omething shifted at Grand Canyon a couple weeks back. For a fraction
of a second, the whole scene moved over about a quarter of an inch.
Kim Crumbo, after 20 years with Grand Canyon National Park, carried
books, gear, and writings out of his office behind the Grand Canyon
Clinic over to his home on Ponderosa. The earth's crust, momentarily
unloaded, settled into a new equilibrium.
Yes, it's true, on September 30th, Crumbo officially retired
from the National Park Service. Throughout these years at Grand
Canyon, he has held to one goalprotecting Grand Canyon Wilderness.
What we know best of his work are his 'resource' trips, working
with mobs of volunteers on trails, camps, and non-native plants;
we know a uniquely Crumbo quality that makes volunteers and friends
rush back to run with him again; and we know his stance, decidedly
unpopular in some circles, against motorized recreation in the Canyon.
Less known is that Crumbo's work stands within the larger context
of the National Wilderness Preservation System and biodiversity
conservation. The Wilderness Act was conceived by others of his
ilk, agency staff who foresaw the incremental loss of our natural
heritage and the diminishment of the human spirit through unlimited
industrialization. Protecting wild nature means maintaining all
the animals and plants of Grand Canyon, along with their habitats,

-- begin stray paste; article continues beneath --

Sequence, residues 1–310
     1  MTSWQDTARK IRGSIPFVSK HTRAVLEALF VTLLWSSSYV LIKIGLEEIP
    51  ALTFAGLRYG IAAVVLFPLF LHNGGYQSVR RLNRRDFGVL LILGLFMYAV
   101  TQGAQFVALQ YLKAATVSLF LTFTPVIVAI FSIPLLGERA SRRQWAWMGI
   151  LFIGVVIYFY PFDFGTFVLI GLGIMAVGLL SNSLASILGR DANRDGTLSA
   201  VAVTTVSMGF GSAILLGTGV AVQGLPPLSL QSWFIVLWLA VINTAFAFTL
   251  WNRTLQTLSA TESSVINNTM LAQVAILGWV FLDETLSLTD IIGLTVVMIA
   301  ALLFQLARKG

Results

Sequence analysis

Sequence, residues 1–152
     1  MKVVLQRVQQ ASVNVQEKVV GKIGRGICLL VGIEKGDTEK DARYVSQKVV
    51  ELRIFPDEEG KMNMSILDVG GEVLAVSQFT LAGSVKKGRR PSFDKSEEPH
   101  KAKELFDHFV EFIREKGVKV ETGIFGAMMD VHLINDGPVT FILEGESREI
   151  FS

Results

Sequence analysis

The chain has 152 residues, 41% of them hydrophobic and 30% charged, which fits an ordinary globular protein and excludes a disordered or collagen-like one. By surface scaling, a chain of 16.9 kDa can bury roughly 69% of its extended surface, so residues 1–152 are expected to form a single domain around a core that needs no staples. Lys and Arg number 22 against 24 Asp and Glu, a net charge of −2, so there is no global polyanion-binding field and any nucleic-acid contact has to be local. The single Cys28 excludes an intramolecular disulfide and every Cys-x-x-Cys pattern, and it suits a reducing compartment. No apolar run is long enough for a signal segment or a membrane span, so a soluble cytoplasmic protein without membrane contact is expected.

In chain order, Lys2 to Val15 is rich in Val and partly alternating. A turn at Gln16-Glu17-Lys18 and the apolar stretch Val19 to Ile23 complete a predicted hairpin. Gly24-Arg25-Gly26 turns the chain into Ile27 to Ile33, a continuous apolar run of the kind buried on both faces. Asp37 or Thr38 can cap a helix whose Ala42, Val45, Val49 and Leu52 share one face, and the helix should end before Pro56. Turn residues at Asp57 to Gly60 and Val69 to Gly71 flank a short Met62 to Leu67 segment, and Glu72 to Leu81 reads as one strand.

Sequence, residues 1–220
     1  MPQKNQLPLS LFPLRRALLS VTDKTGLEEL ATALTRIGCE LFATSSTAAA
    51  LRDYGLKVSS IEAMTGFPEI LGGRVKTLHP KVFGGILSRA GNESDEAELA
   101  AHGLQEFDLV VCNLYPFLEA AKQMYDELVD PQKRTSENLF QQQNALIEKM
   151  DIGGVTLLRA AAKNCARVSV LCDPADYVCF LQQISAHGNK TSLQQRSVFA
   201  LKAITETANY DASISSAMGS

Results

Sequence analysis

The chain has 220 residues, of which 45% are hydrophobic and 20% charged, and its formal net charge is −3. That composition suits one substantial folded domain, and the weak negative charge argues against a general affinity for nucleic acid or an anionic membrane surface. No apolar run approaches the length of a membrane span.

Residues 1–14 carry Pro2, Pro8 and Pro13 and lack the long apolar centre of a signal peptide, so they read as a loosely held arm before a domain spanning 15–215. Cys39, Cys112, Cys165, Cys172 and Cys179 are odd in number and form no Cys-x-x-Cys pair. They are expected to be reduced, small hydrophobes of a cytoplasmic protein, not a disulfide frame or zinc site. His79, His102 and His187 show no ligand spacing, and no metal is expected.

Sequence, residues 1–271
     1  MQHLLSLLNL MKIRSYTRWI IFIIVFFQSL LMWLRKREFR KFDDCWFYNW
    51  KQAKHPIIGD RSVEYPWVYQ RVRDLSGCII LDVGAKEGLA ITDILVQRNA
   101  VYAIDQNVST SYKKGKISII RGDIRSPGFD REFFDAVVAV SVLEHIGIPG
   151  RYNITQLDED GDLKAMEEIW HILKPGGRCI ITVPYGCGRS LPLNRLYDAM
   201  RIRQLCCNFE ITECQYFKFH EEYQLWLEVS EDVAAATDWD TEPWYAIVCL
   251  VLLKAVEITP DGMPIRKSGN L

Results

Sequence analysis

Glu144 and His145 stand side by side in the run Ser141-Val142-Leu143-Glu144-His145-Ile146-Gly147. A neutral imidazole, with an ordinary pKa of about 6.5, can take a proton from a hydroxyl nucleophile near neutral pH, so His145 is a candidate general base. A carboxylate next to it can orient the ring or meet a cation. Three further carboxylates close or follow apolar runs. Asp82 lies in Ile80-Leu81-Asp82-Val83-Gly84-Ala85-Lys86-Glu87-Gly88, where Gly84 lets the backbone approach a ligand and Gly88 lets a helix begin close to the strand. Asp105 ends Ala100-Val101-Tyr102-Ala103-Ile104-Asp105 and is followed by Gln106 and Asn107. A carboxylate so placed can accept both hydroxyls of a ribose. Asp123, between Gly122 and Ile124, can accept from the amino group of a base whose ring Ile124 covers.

and natural processes like fire and flooding. Wilderness management
today calls for understanding the needs and workings of ecosystemsfor
ecosystem conservation. I know this because of Crumbo. So does the
staff of Grand Canyon National Park. It's written into Park
plans: protect and restore all native species in their natural
patterns of abundance and distribution because Crumbo put
in the words, borrowed from conservation biology. If we are vigilant,
and keep up the work to make science and conservation a part of
Park decisions, Crumbo may leave a legacy that includes bighorn
sheep and mountain lion together with solitude, risk, and our souls'
Crumbo, unleashed, will be working with the Southwest Forest Alliance
on the Arizona Wilderness campaign, and with the Grand Canyon Wildlands
Council, a conservation biology-based group he cofounded in 1996.
Until he figures out his new computer, you can reach him at email@example.com.